Vladimir Putin's Crackdown on Russia Protests Is Working, Poll Suggests

As Russia's authorities face condemnation for a crackdown on anti-government protesters, a poll has suggested the heavy-handed approach might deter those considering taking to the streets in future political action.

In three actions between January 23 and February 2, more than 11,000 people were arrested at rallies opposing the detention and jailing of opposition figure and anti-corruption campaigner Alexei Navalny.

Also fueling the protests was a film by Navalny's Anti-Corruption Foundation (FBK) seen by one in four Russians, which accuses President Vladimir Putin of owning a $1.3 billion Black Sea property of head-spinning opulence.

Rights groups have called out the conditions the arrested protesters faced in packed detention centers, especially in Moscow and St. Petersburg, as cells and courts struggled to deal with an unprecedented influx.

With footage of police violence against protesters being widely viewed, a poll by the independent Levada Center carried out between January 29 and February 2, has suggested that the public appetite for anti-government action has diminished.

Russia protesters
Demonstrators opposing the jailing of opposition leader Alexei Navalny clash with police, on January 23, 2021 in Moscow, Russia. A Levada Center poll has found a decrease in those prepared to take part in protests. Mikhail Svetlov/Getty Images

Only 15 percent of people said they would be prepared to attend future protests, which is four percent less than in November 2020. At the same time last year, the same figure as in November—19 percent—said they would participate in political protests.

The nationwide poll, which had a margin of error of 0.95 percent, also found that 17 percent of Russians would attend protests against economic conditions.

This is six percentage points lower than in November 2020 (23 percent) and seven percent lower than the same time last year (24 percent) and follows months of financial hardship due to coronavirus measures, for which Putin has been criticized for.

Meanwhile, just over one in five (22 percent) viewed political protests positively, which is a significant drop from the 47 percent of people who did so in August 2020, when demonstrators called for the release of the Khabarovsk governor Sergei Furgal, who was arrested on murder charges his supporters say were politically motivated.

The graphic below provided by Statista outlines Putin's time in power.

Putin Statista Power
Statista

The sheer number of arrests in January has prompted a shift in tactics. Leonid Volkov, who heads Navalny's regional network of campaign-style offices, said further arrests would hinder its campaign to make an impact in September's parliamentary elections.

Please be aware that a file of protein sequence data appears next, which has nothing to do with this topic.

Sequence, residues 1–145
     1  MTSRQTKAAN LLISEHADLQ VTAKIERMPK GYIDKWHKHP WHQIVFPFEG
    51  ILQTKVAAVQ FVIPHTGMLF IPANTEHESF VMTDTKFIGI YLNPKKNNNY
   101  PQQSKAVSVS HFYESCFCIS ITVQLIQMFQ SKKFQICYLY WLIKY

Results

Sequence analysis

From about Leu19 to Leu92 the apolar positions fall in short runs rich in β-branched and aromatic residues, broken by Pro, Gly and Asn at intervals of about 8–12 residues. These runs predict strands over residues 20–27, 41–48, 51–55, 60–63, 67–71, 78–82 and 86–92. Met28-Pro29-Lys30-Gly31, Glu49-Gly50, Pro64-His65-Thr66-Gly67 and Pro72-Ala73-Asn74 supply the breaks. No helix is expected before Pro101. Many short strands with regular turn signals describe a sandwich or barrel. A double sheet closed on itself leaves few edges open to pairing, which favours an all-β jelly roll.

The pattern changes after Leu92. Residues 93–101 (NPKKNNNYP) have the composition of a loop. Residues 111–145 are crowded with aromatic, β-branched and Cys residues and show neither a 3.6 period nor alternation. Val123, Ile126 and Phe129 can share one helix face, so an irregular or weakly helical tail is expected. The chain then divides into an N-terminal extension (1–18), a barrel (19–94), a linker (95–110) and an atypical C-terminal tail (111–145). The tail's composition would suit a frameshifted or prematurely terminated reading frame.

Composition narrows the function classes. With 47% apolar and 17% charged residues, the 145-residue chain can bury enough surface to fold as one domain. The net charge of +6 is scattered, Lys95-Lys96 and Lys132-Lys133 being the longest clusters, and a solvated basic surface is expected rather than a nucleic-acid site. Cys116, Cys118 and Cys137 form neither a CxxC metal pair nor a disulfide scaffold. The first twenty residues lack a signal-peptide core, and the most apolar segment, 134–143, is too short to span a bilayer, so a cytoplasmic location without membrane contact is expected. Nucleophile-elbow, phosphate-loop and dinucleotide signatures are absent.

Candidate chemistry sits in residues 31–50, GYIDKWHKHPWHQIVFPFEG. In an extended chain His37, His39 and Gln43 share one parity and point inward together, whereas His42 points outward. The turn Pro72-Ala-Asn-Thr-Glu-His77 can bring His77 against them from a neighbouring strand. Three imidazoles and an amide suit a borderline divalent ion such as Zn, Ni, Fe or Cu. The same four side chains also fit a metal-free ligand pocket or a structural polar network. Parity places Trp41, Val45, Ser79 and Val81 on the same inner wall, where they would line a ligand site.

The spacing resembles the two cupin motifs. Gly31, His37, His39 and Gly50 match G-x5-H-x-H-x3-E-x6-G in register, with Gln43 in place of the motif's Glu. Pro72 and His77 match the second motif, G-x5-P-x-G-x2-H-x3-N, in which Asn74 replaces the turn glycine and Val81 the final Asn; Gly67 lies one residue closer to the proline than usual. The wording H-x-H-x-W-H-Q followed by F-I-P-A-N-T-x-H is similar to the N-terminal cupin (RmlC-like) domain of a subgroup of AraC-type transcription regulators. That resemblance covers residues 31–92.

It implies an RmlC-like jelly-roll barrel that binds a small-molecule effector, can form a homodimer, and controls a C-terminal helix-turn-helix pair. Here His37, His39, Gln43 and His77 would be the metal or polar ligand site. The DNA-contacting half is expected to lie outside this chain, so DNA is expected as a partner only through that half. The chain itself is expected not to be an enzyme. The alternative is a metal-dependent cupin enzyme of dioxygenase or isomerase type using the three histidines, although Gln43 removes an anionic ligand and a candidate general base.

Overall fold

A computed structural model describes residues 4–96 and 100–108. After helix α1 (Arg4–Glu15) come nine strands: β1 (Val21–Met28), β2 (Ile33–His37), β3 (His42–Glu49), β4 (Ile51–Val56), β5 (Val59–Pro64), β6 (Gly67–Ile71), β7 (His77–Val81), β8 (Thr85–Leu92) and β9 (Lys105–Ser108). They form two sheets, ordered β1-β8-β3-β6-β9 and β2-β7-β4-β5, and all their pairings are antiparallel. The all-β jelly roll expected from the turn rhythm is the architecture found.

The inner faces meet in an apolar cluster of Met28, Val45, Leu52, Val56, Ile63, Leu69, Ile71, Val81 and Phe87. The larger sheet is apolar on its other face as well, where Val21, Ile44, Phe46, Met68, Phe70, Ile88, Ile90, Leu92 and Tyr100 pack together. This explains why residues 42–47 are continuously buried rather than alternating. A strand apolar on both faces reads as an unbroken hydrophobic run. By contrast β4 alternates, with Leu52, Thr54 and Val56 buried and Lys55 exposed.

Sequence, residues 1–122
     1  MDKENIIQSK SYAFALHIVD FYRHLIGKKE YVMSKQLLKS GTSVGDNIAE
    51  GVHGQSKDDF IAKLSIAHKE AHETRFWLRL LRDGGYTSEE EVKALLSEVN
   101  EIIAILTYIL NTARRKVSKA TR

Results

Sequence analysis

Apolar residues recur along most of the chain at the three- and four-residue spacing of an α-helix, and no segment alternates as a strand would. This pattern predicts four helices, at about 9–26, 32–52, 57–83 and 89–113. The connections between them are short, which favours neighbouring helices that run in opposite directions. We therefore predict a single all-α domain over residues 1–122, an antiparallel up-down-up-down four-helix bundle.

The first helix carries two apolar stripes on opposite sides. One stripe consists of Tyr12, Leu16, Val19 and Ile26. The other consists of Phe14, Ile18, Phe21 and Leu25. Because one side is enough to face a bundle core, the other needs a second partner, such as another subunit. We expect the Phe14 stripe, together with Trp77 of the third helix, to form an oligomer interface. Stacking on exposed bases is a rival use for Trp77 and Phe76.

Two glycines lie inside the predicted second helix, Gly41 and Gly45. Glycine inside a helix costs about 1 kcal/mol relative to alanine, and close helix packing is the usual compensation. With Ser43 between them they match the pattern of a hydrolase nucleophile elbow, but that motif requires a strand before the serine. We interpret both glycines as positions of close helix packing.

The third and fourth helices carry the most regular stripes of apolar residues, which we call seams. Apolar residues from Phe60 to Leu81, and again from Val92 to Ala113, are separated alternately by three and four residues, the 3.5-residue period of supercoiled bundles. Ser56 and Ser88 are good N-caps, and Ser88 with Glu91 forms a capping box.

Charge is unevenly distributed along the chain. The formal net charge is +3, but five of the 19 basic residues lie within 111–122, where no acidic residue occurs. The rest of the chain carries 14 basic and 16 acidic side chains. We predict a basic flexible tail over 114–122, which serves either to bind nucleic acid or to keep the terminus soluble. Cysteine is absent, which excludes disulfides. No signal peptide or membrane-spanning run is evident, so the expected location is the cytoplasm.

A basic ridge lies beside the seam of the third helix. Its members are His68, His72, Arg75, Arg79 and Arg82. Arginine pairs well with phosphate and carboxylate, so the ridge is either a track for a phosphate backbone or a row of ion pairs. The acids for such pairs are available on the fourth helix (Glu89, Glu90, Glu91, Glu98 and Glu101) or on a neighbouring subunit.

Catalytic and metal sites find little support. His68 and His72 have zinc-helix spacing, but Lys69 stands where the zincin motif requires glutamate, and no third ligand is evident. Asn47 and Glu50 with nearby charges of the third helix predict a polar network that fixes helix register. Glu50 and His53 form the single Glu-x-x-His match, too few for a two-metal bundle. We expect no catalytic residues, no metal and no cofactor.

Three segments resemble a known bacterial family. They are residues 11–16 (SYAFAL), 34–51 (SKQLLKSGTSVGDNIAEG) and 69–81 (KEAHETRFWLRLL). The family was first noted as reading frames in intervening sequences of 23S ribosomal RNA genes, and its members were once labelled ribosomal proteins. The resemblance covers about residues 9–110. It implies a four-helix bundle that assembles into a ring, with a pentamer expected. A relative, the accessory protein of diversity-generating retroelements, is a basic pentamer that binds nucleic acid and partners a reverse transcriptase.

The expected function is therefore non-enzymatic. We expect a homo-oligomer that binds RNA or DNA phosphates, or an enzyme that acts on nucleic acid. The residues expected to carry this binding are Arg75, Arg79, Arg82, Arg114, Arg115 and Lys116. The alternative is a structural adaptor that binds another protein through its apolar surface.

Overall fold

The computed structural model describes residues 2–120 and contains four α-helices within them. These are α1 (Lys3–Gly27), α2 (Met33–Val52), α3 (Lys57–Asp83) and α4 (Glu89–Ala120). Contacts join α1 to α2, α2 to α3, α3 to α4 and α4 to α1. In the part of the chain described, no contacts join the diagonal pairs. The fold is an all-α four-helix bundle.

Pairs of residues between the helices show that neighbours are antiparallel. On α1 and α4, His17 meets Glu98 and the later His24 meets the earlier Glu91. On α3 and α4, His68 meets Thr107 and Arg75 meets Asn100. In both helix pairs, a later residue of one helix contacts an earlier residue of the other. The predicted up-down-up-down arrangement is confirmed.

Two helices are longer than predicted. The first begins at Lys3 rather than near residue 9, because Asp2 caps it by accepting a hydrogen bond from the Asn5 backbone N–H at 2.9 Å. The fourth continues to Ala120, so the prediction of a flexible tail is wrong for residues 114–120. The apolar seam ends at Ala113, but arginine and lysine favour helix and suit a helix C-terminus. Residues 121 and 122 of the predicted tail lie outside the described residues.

Instead, Navalny supporters would be encouraged to gather in residential courtyards across the country on February 14 and turn their phone lights at 8 p.m. for 15 minutes in a silent protest.

Borrowing from the tactics of smaller, targeted actions in neighboring Belarus, Volkov, who Russia put on an international wanted list on Wednesday, said on Facebook such an action would be less likely to be broken up by riot police.

Sergey Davidis, head of the political prisoners program at the the Memorial Human Rights Center in Moscow, said a shift in approach by Navalny's supporters was inevitable.

He said many who were arrested and charged during the latest protests were not part of the demonstrations but were simply caught up nearby. Many detainees faced tough conditions, lack of access to food, water and legal help while those who were charged with a second offence faced fines of up to 300,000 roubles ($4,000).

"It is a huge amount for an ordinary person," he told Newsweek. "Anyway, now Alexei Navalny is in prison and it is impossible to protest in the same way every week.

"If they are students, they could be expelled, some workers were fired from their companies—it is difficult to call for people to go out in the streets now.

"I think there would be some situations again in spring or in March and April when people will go to the streets again.

"We are seeing the highest level of disagreement with the authorities and protest activity because people knew that they would be beaten and arrested, but they turned out anyway. This movement will go on."

Navalny was sentenced to two years and eight months in a prison colony for breaking probation in a 2014 fraud conviction he says was trumped up. His wife, Yulia Navalnaya, has reportedly left Russia for Germany, according to Interfax, citing an unnamed source.